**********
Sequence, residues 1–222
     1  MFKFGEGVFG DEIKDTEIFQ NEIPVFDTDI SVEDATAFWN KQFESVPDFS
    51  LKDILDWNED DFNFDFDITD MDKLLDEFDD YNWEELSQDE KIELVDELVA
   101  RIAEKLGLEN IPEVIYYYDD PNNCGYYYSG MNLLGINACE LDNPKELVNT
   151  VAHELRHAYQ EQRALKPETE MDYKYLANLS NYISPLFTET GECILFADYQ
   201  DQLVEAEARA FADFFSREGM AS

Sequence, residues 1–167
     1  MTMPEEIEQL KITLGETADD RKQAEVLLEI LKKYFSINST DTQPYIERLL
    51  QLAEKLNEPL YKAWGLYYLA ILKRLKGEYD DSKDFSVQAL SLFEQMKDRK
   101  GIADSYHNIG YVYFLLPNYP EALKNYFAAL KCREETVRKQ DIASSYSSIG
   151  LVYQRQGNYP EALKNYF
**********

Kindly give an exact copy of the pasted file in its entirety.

Sequence, residues 1–222
     1  MFKFGEGVFG DEIKDTEIFQ NEIPVFDTDI SVEDATAFWN KQFESVPDFS
    51  LKDILDWNED DFNFDFDITD MDKLLDEFDD YNWEELSQDE KIELVDELVA
   101  RIAEKLGLEN IPEVIYYYDD PNNCGYYYSG MNLLGINACE LDNPKELVNT
   151  VAHELRHAYQ EQRALKPETE MDYKYLANLS NYISPLFTET GECILFADYQ
   201  DQLVEAEARA FADFFSREGM AS

Sequence, residues 1–167
     1  MTMPEEIEQL KITLGETADD RKQAEVLLEI LKKYFSINST DTQPYIERLL
    51  QLAEKLNEPL YKAWGLYYLA ILKRLKGEYD DSKDFSVQAL SLFEQMKDRK
   101  GIADSYHNIG YVYFLLPNYP EALKNYFAAL KCREETVRKQ DIASSYSSIG
   151  LVYQRQGNYP EALKNYF